Forensic errors, mistaken eyewitness identifications, and false confessions have led to wrongful convictions for serious crimes like rape, murder and kidnapping, says the Pittsburgh Post-Gazette. Since 1989, 198 convicted felons have been cleared based on DNA evidence, nine in Pennsylvania. The state last week convened a commission of judges, prosecutors, defense lawyers, law enforcement officers and victims’ advocates to study the causes of erroneous convictions and make recommendations for preventing them. The project is chaired by John Rago, a Duquesne University law professor and director of the Cyril H. Wecht Institute of Forensic Science and Law.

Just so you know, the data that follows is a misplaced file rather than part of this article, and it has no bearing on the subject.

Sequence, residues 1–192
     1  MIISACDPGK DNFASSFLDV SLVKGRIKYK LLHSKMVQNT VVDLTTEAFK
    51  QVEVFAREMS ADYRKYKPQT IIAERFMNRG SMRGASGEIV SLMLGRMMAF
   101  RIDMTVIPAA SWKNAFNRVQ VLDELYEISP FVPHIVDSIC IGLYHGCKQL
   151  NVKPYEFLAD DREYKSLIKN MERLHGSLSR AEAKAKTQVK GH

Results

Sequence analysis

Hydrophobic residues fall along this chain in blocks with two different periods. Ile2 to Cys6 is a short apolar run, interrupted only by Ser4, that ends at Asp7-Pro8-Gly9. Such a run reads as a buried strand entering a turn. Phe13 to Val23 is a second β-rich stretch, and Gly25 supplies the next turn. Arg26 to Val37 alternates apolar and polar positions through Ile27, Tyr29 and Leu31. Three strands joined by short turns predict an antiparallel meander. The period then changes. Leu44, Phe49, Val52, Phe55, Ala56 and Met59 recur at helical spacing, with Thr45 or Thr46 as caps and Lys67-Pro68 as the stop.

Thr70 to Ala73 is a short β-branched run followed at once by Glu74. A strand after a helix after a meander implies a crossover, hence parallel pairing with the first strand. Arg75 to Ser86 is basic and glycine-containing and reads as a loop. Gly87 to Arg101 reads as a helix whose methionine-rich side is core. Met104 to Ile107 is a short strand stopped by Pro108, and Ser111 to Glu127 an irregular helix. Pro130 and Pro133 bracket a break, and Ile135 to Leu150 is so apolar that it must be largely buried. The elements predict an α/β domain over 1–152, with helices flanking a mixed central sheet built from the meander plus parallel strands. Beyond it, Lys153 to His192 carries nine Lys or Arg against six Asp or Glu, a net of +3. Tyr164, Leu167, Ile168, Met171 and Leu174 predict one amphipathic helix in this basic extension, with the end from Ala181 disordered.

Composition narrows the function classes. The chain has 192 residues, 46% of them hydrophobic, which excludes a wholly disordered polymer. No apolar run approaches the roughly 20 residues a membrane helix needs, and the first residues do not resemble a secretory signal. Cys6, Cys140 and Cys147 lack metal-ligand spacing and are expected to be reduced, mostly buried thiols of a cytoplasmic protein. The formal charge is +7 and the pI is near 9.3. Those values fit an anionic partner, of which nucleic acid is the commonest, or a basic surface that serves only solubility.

Pennsylvania joins a handful of states that have set up advisory groups to review wrongful convictions. Rago sees it as an opportunity to improve due process and investigators’ and prosecutors’ capacity to present judges and juries with reliable evidence of proof beyond a reasonable doubt that a defendant is guilty. The committee will recommend policy changes after examining a broad range of factors that might influence wrongful convictions. “With 2.5 million people incarcerated in the U.S., can anybody with a straight face say that they’re all guilty? No more than you could say that they’re all innocent,” Rago said. The commission of 40 members will review the cases of the 198 exonerees.